While Mboweni may not deliver an aggressive budget because our politics does not allow for such at this point, the minister should not miss an opportunity to tell us the truth about how deep in it we are, writes Ralph Mathekga
Finance Minister Tito Mboweni will, in all likelihood, deliver a bail-out of SOE's themed budget while at the same time trying to seek to stabilise the national fiscus and manage South Africa's mounting debt.
The country is on the brink of downgrading by Moody's, the only sovereign credit ratings agency that has been able stay the execution for a while.
The markets seem to be anticipating the worst; with some speculating a possible further downgrade in the first half of this year.
There is a crisis of confidence regarding the ability of President Cyril Ramaphosa’s administration to make unpopular decisions including retrenching workers at the embattled state-owned entities.
Ramaphosa played Pontius Pilate in his State of the Nation Address; failing to show a willingness to make tough decisions, particularly when it comes to what will happen with state-owned entities such as Eskom.
The President kicked the proverbial can down the road, leaving the tough work for his tough-talking finance minister.
Tito is known for shooting from the hip.
He often openly asks why South Africans insist on owning an entity (read an airline) which should be left where it belongs: the museum of aviation.
The unions are up in arms against any public sector reform that entails downsizing jobs at Eskom and SAA, for example.
The unions are making a sound moral case, which is not necessarily economically sound.
From a moral standpoint, the unions are saying that workers should not be punished simply because some politically connected elites decided to loot state-owned entities.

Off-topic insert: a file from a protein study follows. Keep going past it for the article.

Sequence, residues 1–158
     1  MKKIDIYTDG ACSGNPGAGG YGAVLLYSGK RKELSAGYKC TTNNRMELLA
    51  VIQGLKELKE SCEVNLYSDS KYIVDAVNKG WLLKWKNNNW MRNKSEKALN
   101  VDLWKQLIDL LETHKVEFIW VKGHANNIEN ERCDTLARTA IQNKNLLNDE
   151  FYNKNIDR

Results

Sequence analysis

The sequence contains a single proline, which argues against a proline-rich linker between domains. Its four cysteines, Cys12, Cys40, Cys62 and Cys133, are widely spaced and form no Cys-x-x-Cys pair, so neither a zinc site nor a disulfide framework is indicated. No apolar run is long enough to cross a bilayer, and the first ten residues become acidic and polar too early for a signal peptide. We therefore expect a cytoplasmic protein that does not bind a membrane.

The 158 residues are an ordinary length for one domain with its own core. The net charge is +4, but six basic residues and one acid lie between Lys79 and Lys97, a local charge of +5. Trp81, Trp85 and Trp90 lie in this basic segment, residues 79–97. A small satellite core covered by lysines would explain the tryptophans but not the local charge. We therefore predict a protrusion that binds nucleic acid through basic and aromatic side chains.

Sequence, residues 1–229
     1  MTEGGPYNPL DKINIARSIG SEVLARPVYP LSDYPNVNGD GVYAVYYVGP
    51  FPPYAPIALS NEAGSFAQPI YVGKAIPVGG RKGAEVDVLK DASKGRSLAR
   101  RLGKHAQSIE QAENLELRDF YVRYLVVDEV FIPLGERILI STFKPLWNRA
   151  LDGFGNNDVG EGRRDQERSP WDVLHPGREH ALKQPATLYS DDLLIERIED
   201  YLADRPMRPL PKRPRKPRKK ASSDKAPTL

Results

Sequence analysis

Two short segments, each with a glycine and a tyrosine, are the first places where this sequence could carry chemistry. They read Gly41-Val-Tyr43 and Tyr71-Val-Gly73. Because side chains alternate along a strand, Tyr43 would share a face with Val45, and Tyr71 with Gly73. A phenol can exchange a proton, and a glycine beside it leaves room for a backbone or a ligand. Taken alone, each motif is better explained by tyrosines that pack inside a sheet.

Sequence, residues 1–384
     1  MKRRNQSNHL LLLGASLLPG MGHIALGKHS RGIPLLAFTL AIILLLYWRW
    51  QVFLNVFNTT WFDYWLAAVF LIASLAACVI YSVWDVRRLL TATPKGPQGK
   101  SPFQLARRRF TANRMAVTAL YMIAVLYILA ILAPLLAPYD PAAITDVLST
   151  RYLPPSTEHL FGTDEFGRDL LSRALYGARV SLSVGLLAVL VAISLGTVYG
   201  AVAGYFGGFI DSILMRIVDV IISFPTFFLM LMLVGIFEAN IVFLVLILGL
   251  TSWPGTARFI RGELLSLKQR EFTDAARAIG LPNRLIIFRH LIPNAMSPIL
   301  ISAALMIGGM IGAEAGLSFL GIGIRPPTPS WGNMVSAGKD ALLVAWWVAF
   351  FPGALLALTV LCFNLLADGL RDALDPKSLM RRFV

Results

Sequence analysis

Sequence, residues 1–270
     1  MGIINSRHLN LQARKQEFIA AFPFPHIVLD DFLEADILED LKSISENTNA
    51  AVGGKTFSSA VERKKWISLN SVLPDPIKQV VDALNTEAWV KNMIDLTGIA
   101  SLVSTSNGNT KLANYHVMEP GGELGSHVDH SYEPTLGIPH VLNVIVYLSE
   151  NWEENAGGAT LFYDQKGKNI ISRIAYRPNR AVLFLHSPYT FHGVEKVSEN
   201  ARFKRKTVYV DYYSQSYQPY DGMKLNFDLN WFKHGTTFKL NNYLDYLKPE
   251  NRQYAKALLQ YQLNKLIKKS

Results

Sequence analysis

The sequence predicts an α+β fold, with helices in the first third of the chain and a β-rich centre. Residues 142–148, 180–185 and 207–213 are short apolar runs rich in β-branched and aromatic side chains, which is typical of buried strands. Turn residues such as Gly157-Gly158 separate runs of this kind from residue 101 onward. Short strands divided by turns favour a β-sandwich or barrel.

From the economic point of view, the union’s position against retrenchments at state-owned entities imply that we cannot stop inefficiencies simply because we started it.
Those are projects referred to as Boondoggles; a project where money is spent wastefully and you just cannot stop, due to political reasons!
Therefore, Mboweni will most likely announce a series of bailouts of state-owned entities.
The minster will probably call the packages by a new name, something like Special Purpose Recovery Fund comes to mind.
Our Finance Minister reserves his right to rant about the growing public sector wage bill, as he did in last year’s budget.
This does not mean that the minister will do anything significant about this problem.
In the previous budget, mention was made of a R50 billion that would be saved through reprioritisation and be channeled toward infrastructure expenditure.
I ask myself which government projects will release an amount of R50 billion?
In principle it is indeed possible to reprioritise this amount by deferring some of the projects that we can do without.
The main challenge however is that this exercise will require a high level of efficiency in government departments.
Our public service cannot abruptly operate with strained resources - things will get worse.
While Mboweni may not deliver an aggressive budget because our politics does not allow for such at this point, the minister should not miss an opportunity to tell us the truth about how deep in it we are.
He should certainly remind us of how fast we are falling.
The difficulty with the current social political atmosphere in our society is that it does not allow for national coherence around policy.
Each powerful group lobbies for its own interest, and it is mostly narrowed interests.
In this scenario the budget ends up looking like gifts to various groups that would have lobbied intensely, with the taxpayer left to pick up the tab.
Mboweni should not pander to influential lobbyists, he should consider what is good for South Africans.
If he cannot deliver a good budget, he should at least speak the truth regarding the true state of our finances and our economy.
- Dr Ralph Mathekga is a political analyst and author of When Zuma Goes and Ramaphosa's Turn.